A panel discussion at last week’s Thin Film Solar Summit (San Francisco, CA, Dec. 2-3) gave attendees a dose of reality, that financing in the world of thin-film PV isn’t a short-term play — and the money’s in owning the resource. Still, the tech may be the only hope for making solar more than a niche subsidized business.
A panel discussion at last week’s Thin Film Solar Summit (San Francisco, CA, Dec. 2-3) gave attendees a dose of reality: financing in the world of thin-film PV isn’t a short-term play. The reality, according to Neal Dikeman, partner with VC firm Jane Capital Partners, is that only one or two thin-film projects have brought product to market in 30 years, and it’s a $100M-$200M dollar up-front investment “just to play the game and see if your product really works.”
Silicon Valley investors have mistakenly bet on “really great teams” while the technology is still at a science experiment stage, he argues — investors are beginning to realize this, he thinks, and that the industry is sitting on the back end of about 5-10 years of $100M bets. “We’re going to see a bunch of write-offs coming up,” he warns.
The challenge that has caught startups in this sector time and time again, Dikeman explained, is underestimating the engineering scale-up and production on a tens-of-MW scale. “People always assumed that if the technology worked and the team was good, that the rest was just engineering…and so far, that has never proven to be the case,” he observed, noting that there have been several hundred (thin film) companies that have tried and only two succeeded. “The challenge has been that the engineering scale-up has been much harder than the science experiment.” Citing the “black art” aspect to thin-film projects, he observed that for factories in the 30MW-40MW range, what matters is getting the same yields, distributions, and performance out of the second plant as was achieved in the first. “You can take the same people, same technology, same equipment, same materials, and you’ll get something different between the two plants,” he said. “I don’t think that’s changed.”
Lest he dash the hopes of conference attendees, Dikeman acknowledged that while thin-film PV technology has to come down the cost curve, it is the only hope for making solar more than a niche subsidized business. “We have to deliver $1/Watt at the module level, not the cell level, in order for anyone downstream to have a serious business,” he urged. “Otherwise, we’ll be living off the investment tax credits and rebates over the next few years.”
But don’t hold out hope for a disruptive technology to solve the cost-curve challenge. “There is no disruptive technology in energy, only disruptive policies that make certain technologies look disruptive after the fact,” Dikeman told the audience. He believes that the big cost-changing improvements that will come in the next few years will be manufacturing process improvements, and he’s excited by the entrance of companies such as Oerlikon and Applied Materials, as well as some of the large semiconductor manufacturers. “We need [that] manufacturing scale,” he said.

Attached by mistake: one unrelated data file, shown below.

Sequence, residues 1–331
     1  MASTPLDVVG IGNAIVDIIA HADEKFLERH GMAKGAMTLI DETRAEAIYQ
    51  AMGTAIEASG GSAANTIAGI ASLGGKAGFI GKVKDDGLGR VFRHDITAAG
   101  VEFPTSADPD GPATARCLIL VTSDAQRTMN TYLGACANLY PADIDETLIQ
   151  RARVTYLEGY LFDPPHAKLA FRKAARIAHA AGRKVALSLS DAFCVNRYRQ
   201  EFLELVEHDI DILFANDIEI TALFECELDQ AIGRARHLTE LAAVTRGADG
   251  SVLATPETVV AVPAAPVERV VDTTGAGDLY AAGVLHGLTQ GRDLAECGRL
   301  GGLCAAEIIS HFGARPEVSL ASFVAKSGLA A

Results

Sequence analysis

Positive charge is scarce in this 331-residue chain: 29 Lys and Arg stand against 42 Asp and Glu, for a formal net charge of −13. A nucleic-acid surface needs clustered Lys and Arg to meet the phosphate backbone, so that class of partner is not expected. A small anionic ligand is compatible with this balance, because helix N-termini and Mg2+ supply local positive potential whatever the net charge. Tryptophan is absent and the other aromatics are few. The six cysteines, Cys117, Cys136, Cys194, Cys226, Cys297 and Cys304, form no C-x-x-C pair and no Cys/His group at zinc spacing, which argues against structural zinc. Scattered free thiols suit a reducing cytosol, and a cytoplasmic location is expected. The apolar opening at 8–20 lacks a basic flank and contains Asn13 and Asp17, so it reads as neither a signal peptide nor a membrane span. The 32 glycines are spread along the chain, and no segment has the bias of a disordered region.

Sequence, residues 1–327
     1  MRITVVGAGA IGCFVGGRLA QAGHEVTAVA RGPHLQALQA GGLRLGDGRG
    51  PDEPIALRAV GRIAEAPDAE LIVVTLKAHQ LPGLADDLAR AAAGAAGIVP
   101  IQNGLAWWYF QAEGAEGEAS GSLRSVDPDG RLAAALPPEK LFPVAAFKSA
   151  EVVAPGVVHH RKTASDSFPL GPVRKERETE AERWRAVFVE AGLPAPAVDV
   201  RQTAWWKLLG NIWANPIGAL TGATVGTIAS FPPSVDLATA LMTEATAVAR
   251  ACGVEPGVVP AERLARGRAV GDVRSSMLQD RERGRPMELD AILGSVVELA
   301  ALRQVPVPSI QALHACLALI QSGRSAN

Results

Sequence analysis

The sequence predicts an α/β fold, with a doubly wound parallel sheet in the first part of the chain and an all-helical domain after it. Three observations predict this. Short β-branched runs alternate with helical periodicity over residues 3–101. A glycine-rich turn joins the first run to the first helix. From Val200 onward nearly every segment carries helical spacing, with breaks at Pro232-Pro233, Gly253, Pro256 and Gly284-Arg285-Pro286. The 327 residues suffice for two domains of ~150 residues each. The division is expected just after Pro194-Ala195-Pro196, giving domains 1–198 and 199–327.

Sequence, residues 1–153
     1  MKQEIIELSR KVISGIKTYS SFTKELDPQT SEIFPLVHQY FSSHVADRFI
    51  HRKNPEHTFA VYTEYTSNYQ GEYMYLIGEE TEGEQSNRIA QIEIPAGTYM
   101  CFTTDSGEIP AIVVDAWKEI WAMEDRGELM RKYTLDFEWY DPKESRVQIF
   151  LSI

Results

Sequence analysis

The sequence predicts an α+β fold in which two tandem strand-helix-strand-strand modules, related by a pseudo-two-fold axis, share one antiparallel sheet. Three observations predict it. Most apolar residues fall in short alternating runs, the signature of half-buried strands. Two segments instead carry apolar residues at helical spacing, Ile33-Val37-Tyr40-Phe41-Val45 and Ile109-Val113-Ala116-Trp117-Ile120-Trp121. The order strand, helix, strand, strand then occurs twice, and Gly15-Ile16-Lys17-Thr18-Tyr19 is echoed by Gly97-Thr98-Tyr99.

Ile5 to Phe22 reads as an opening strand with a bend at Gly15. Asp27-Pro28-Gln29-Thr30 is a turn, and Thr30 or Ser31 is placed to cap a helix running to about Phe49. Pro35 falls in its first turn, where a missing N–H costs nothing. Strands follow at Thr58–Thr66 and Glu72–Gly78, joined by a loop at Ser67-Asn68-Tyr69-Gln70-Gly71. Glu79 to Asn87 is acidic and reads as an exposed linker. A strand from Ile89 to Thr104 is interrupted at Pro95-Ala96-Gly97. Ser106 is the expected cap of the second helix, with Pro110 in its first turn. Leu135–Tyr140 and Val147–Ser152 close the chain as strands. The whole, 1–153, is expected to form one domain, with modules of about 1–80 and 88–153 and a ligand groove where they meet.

At the end of the line — what model works?
Analysts at the summit also tackled the question of how utilities will drive the PV industry, and how some clear trends will benefit the industry. “The one technology that the American consumer wants to buy is solar; it’s a ready market,” said Bill Roth, green business coach for Entrepreneur.com and president of NCCT, “but the one thing standing in their way is sticker shock.” So it’s crucial to help move the transaction to the point where these consumers who wants to say “yes” can close, and Roth noted that an integrated model will enable the purchase to take place. He offered up as an example other commodity providers of energy, such as the oil companies, that are vertically integrated. “While the technology and science are critically important and they have to work, integration enables the purchase,” he explained.
Dikeman countered that the PV industry hasn’t been able to figure out exactly the overhead and operating cost of a distributed utility over a wide range of contracts. “It is very unclear to me what the fully loaded cost of solar is at any kind of scale being distributed,” he said. “There are no very large fleets out there from which you can get data, and a lot of costs are hidden due to subsidies and tax equity.”
However, Dikeman noted that Japan was always reasonably vertically integrated, and he’s waiting for vertical integration to come to the US and Europe. For a hundred years in the energy business, the money has been made upstream from owning the asset/the resource — so, solar on a serious scale means owning a piece of very sunny land next to water and right next to a transmission line and a load, he observed. “The guy who owns the land with the best resource is the one that makes the money,” said Dikeman. “Everything else will be commoditized. The person owning the land with the best resources will make the most money.”